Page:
There is no difference between the teachings of Lord Caitanya presented here and the teachings of Lord Kṛṣṇa in the Bhagavad-gītā. The teachings of Lord Caitanya are practical demonstrations of Lord Kṛṣṇa's teachings. Lord Kṛṣṇa's ultimate instruction in the Bhagavad-gītā is that everyone should surrender unto Him, Lord Kṛṣṇa. Kṛṣṇa promises to take immediate charge of such a surrendered soul. The Lord, the Supreme Personality of Godhead, is already in charge of the maintenance of this creation by virtue of His plenary expansion, Kṣīrodakaśāyī Viṣṇu, but this maintenance is not direct. However, when the Lord says that He takes charge of His pure devotee, He actually takes direct charge. A pure devotee is a soul who is forever surrendered to the Lord, just as a child is surrendered to his parents or an animal to its master. In the surrendering process, one should (1) accept things favorable for discharging devotional service, (2) reject things unfavorable, (3) always believe firmly in the Lord's protection, (4) feel exclusively dependent on the mercy of the Lord, (5) have no interest separate from the interest of the Lord, and (6) always feel oneself meek and humble.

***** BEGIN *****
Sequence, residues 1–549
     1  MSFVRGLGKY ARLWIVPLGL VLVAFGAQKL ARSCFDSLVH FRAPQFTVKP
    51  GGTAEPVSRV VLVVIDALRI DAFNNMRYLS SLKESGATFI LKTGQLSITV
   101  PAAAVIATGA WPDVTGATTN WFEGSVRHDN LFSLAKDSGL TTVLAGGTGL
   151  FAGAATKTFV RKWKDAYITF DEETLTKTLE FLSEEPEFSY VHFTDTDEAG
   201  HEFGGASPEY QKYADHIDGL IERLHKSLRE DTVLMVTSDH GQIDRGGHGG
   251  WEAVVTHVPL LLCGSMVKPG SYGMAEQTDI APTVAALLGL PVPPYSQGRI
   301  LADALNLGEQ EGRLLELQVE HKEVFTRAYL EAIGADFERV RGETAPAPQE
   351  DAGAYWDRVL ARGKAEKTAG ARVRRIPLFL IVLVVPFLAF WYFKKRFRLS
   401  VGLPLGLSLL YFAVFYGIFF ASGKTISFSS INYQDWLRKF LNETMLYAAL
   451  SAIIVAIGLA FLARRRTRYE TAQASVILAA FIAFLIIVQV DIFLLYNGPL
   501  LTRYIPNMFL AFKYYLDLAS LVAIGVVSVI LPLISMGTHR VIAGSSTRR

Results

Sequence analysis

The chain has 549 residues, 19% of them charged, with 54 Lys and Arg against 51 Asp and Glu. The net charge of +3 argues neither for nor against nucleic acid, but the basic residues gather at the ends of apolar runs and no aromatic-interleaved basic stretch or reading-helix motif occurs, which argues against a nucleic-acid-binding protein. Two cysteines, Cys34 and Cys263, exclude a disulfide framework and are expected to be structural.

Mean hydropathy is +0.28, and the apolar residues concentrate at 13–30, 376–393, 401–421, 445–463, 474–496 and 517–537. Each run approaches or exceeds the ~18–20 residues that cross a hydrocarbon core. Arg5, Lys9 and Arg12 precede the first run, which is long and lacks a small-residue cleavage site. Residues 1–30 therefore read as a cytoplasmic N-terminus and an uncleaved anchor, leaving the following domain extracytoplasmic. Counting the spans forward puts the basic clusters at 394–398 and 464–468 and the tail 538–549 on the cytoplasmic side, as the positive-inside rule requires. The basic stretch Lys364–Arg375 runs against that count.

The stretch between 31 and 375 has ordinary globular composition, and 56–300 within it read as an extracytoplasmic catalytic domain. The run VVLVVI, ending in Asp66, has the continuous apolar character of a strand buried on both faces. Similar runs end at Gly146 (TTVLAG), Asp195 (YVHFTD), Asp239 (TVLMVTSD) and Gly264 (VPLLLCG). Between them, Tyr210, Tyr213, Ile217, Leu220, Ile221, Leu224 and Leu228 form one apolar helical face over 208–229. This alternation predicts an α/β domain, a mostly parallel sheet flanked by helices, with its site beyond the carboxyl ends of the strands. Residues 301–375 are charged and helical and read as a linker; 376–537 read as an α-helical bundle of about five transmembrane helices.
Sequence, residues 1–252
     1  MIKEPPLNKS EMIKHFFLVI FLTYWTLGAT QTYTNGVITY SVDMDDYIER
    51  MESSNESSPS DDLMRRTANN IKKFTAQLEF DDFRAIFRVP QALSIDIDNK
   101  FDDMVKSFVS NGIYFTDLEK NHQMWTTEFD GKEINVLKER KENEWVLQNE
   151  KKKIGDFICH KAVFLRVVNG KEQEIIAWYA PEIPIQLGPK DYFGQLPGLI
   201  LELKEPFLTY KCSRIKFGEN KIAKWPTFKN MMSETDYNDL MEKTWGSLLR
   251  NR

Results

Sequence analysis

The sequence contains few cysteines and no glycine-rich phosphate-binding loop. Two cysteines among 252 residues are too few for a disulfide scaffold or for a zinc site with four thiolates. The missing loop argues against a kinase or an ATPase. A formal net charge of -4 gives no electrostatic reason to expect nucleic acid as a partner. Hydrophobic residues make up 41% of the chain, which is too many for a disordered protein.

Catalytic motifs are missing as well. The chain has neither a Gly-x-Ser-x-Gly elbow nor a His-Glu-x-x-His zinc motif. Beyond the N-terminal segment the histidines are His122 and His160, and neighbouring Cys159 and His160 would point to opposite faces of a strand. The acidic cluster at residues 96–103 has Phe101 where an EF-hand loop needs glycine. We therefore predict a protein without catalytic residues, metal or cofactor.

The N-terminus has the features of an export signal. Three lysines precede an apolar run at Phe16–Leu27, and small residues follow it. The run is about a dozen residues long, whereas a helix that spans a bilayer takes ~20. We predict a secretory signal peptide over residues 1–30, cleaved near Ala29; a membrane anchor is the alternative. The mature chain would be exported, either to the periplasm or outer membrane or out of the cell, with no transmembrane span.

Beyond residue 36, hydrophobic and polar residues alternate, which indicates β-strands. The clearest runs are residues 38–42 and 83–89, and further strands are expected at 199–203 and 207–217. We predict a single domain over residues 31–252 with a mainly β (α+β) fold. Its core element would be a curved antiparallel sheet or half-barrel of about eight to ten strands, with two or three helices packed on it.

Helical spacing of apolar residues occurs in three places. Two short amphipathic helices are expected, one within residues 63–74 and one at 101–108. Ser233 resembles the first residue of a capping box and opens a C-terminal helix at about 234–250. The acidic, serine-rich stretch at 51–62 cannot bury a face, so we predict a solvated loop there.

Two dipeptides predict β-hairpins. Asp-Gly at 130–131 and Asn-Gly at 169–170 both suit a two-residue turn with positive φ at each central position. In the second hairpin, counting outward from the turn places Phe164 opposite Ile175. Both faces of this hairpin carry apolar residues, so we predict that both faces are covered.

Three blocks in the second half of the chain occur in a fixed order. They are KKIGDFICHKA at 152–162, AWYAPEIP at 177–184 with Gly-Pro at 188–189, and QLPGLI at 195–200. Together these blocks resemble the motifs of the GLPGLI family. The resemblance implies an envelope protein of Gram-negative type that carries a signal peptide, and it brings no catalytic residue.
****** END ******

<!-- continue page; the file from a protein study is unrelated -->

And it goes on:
The Lord demands that one surrender unto Him by following these six guidelines, but the unintelligent so-called scholars of the world misunderstand these demands and urge the general mass of people to reject them. At the conclusion of the Ninth Chapter of the Bhagavad-gītā, Lord Kṛṣṇa directly orders, "Always think of Me, become My devotee, worship Me alone, and offer obeisances unto Me alone." By so doing, the Lord says, one is sure to go to Him in His transcendental abode. But the scholarly demons misguide the masses of people by directing them to surrender not to the Personality of Godhead but rather to the impersonal, unmanifested, eternal, unborn truth. The impersonalist Māyāvādī philosophers do not accept that the ultimate aspect of the Absolute Truth is the Supreme Personality of Godhead. If one desires to understand the sun as it is, one must first face the sunshine and then the sun globe, and then, if one is able to enter into that globe, one may come face to face with the predominating deity of the sun. Due to a poor fund of knowledge, the Māyāvādī philosophers cannot go beyond the Brahman effulgence, which may be compared to the sunshine. The Upaniṣads confirm that one has to penetrate the dazzling effulgence of Brahman before one can see the real face of the Personality of Godhead.